Change is always somewhat difficult. It’s common for people to resist change when they grow accustomed to routines. Yet, as discussed in my previous blog post, the benefits of organizational development far outweigh the costs. Organizational development, after all, is the systematic alteration of employee operations. Its primary goal is to foster general expansion within a business. Moreover, employees are significantly less likely to oppose change if they have a clear grasp of what’s happening and why; education, communication, and expertise are crucial factors in the implementation of change. As a result, clear leadership can direct the process and provide team members with direction.
Issues Within Executive Organizational Development
To know how to address a problem, we must first understand what the issue is. Common problems that arise with organizational development include the following:
- Fear of the “New”: Some employees are afraid to enter uncharted territory. They may directly express this fear by complaining or passively by neglecting their part in the process.
- Conflict of Interest: Leaders sometimes disagree about a company’s goals and communicate poorly as a result.
- Lack of Leadership: Key leaders may leave an organization, forcing the remaining employees to scramble to fill the gaps. Likewise, leadership may lack effective communication or team-building skills.
- Misunderstanding Planned Changes: Employees typically want predictability. When missteps occur, they may lose faith in the process.
Now that we know the issues… what are some methods we can use to solve them?
What Organizational Development Interventions Can We Implement?
Organizational development interventions are programs designed to solve specific company problems. Their purpose is to improve an organization’s efficiency. They are often categorized into 3 types:
This focuses on personal productivity. Employed via coaching, it’s provided to workers who deplete performance morale.
Rather than the entire workforce, this intervention concerns central departments. It’s provided via conferences, team-building exercises, or development coaching.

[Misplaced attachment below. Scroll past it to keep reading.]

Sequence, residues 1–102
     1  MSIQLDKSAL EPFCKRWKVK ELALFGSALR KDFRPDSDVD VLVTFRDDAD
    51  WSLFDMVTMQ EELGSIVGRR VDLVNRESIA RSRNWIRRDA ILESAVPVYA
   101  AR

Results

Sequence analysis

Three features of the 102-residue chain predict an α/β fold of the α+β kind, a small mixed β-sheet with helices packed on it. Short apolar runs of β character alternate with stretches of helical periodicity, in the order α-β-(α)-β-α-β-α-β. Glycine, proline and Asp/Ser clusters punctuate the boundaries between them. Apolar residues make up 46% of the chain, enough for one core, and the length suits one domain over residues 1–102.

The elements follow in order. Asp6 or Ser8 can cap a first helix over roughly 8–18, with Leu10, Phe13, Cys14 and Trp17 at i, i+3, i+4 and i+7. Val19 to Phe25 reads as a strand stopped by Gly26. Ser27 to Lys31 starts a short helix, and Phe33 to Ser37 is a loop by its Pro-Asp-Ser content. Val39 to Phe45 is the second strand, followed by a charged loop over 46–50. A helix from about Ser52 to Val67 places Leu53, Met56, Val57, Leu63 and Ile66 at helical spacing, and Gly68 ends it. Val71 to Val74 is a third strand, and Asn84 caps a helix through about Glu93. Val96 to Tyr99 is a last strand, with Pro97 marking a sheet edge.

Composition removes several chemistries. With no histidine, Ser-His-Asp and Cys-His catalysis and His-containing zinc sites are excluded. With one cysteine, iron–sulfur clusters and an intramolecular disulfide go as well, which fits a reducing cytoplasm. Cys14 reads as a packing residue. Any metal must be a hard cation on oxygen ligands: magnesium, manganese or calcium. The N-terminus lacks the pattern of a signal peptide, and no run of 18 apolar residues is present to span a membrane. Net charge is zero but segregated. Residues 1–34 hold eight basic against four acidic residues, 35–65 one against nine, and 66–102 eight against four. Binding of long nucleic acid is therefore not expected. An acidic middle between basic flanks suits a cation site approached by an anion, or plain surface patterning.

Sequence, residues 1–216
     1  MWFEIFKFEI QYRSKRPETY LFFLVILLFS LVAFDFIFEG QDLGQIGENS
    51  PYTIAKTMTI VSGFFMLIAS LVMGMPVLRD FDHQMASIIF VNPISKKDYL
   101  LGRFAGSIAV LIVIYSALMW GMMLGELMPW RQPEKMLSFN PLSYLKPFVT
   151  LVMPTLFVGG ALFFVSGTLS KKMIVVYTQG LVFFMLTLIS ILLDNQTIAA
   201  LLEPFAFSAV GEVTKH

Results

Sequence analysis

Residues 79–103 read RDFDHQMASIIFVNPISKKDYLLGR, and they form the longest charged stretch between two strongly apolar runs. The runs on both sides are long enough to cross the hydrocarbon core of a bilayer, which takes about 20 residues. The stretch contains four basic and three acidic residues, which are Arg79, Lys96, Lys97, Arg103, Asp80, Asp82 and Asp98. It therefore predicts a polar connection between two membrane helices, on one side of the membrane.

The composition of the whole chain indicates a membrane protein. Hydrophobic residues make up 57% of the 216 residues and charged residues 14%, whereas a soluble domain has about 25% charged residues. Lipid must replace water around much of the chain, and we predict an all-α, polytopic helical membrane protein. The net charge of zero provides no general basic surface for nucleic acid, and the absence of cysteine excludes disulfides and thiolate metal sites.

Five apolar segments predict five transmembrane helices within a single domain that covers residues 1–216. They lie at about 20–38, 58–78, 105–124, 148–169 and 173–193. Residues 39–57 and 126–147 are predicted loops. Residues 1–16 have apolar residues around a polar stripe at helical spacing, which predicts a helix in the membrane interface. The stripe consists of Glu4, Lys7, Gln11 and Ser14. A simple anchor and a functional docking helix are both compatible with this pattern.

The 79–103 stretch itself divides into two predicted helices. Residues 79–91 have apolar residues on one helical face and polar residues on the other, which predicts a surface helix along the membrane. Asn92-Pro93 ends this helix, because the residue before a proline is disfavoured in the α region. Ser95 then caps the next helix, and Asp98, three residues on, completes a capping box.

This affects an entire organization. It’s carried out through outside experts to forge a more solid vision. Companies implementing new strategy use focus groups to create new success-measuring frameworks.
Overall, these interventions are specific to organizational problems. As such, types of organizational development need different implementation strategies.
What Organizational Development Models Can We Use for Executive Success?
The “how-to” follows once an organization has determined what needs to be solved. In this way, organizational development models offer defined structures to aid in logistic changes.
Specifically, there are 3 effective organizational development models to consider:
Business Process Reengineering (BPR)
Reimagine pieces of a firm using the BPR model.
- Charting the Organization’s Processes: To prepare for analysis, document existing processes and procedures.
- Reviewing Procedures: Analyze procedures using the process map to determine what’s working.
- Identifying Areas of Improvement: Identify problems and solutions.
- Creating a Process Map: Collaborate to plan changes. Timetables and workload delegations could all be a part of this phase.
- Creating Modifications to Achieve Better Procedures: Train employees while the projects are implemented.
The 3-Step “Lewin” Model
3 steps make up the most effective management methodology to this day.
- Defrosting: Relaxing present rules and practices is the first step of preparing for change.
- Modifying: To keep staffers engaged and concentrated, management cooperation and communication are essential to implementing a new strategy.
- Refreezing: Promoting reflection on how to maintain a shift.
Like the 3-step Lewin Model, this strategy contains 3 methods to its madness.
- Problem-Solving and Theory Development: Gathering data through focus groups is essential to the research process. Finding a problem and solution is the overall aim.
- The Action Phase: Implementing a change occurs in this stage.
- Inputs and Results: Gather data to evaluate a strategy’s impact. It comprises analysis and reflection.
How Does Implementing Organizational Development Strategies Affect Us?
Change is never simple. That is a truth we already know.
Companies may spark significant change with a solid understanding of organizational growth and a clear objective: Yes, it’s important to maintain some characteristics of tradition at times. However, it can be equally crucial to develop and change a corporate culture through time.
Knowing this, it might be time to consider how your company is structured today and how it is growing, especially in a culture that values continuous learning and digitization. Employees in such a culture are made aware that they will always be attending workshops, receiving training, and developing professionally. It is ultimately up to them whether they sign on to change and learn new things. Organizational development is simply what systematizes the steps they need to take.
Only you can make the decision to tread quietly… or take a great leap forward.